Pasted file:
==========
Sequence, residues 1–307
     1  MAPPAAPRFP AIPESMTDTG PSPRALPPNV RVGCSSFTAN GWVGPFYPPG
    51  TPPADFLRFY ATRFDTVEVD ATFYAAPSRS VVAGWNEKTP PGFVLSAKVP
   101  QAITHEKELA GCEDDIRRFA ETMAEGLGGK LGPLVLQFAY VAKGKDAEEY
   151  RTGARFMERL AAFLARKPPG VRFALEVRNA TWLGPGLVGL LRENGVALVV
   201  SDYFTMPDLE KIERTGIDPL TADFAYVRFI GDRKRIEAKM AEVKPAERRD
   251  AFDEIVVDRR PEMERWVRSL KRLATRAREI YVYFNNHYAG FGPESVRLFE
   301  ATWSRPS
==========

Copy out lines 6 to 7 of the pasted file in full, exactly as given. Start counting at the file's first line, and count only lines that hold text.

   201  SDYFTMPDLE KIERTGIDPL TADFAYVRFI GDRKRIEAKM AEVKPAERRD
   251  AFDEIVVDRR PEMERWVRSL KRLATRAREI YVYFNNHYAG FGPESVRLFE